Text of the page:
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permanent residents invited to leave on the flight. but it's unclear how many of them were onboard. landing hours later in doha, the passengers, some from britain, germany and canada, disembarking before setting off to their next destination. the white house saying the taliban had been "cooperative," "businesslike" and "professional" in facilitating the departure. still hundreds, if not thousands, are still trying to leave afghanistan, including expired green card holder michael, who says he cannot get in touch with the state department. >> i tried to tell the state department that i will renew my green card, because it's still active and they are not responded to me yet. >> reporter: and at the airport in mazar-e-sharif in northern afghanistan, charter planes remain grounded. the taliban refusing to let 1,000 passengers leave including a small number of americans, saying not all who want to board have proper identification. even more alarming, these new
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images of badly beaten afghan journalists from a kabul newspaper who were covering the recent protests. the men say they were detained and tortured by the taliban. as for getting more people out of afghanistan, the state department will now coordinate with groups like task force pineapple, veterans groups that have managed to get countless people out of afghanistan. the chairman of the joint chiefs of staff reached out to those groups and asked for their continued help. david? >> and you've been reporting on those groups for weeks now. martha raddatz tonight. martha, thank you. and from north korea tonight, images of kim jong-un making news around the world, appearing much slimmer during a celebration of his nation's 73rd anniversary. experts who had been studying what few images have been of the leader now say his weight loss is likely an effort to improve his health rather than a sign that he might be sick, but they certainly don't know for sure. back here at home tonight and to the investigation now under way after a horrific shooting in charlotte, north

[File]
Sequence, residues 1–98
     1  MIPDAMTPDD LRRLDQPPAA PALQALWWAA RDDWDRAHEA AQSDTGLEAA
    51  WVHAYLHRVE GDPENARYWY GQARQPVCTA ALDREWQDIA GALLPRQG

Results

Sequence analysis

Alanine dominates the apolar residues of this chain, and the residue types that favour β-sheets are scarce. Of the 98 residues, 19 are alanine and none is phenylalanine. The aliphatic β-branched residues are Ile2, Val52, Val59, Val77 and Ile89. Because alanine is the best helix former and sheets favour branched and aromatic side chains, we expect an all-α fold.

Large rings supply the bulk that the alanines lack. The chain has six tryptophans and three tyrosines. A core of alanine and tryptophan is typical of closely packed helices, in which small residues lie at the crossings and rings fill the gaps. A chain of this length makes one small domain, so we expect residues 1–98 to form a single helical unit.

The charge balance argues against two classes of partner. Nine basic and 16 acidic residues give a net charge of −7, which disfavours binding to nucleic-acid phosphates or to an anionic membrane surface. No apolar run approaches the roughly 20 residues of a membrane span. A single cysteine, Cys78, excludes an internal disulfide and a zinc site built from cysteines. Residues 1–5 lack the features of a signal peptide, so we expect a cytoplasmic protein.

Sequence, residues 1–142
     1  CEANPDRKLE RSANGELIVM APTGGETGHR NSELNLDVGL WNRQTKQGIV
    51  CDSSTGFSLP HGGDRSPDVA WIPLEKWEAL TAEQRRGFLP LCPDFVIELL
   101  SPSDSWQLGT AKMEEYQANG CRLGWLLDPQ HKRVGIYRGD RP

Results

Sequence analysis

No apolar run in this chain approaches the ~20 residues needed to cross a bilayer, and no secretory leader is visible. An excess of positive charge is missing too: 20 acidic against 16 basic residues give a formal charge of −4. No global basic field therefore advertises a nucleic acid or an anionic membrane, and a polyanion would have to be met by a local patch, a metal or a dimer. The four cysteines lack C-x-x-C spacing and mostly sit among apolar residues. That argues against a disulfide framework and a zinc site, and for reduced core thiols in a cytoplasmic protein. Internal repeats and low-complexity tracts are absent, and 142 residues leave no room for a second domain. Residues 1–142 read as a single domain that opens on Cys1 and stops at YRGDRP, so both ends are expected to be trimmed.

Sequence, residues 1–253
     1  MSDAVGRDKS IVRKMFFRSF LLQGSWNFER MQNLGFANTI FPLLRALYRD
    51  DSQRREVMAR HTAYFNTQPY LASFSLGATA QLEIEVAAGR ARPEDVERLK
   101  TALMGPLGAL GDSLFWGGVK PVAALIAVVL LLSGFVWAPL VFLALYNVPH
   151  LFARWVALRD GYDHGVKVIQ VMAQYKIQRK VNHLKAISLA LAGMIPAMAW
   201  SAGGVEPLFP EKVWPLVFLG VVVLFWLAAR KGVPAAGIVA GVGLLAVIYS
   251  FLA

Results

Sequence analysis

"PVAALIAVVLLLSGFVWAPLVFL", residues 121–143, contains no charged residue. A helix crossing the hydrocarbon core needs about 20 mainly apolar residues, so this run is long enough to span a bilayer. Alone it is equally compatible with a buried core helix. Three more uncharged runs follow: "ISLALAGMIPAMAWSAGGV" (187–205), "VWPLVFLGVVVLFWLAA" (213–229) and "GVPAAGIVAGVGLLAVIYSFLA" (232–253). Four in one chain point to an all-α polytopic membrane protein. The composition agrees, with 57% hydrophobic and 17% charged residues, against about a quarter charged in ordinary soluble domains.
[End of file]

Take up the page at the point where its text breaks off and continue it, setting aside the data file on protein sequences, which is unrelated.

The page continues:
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carolina. authorities say this might have been over a high school dispute. gunmen unloading at least 150 shots into a home, killing a sleeping 3-year-old boy. police say it's part of a deadly string of shootings tied to, quote, simple disputes between students. here's our senior national correspondent steve osunsami. >> reporter: police in charlotte, north carolina, tonight want parents to take a good look at this surveillance video from tuesday night. they say these are teenagers from local high schools in a gunfight in a residential neighborhood, seen firing off nearly 150 bullets shortly before midnight. and while it doesn't appear that any of the teenagers were seriously hurt, a 3-year-old who was asleep inside one on these homes was killed. his name is asiah figueroa, and police say his 5-year-old sister was also asleep in home, and was grazed by a bullet, but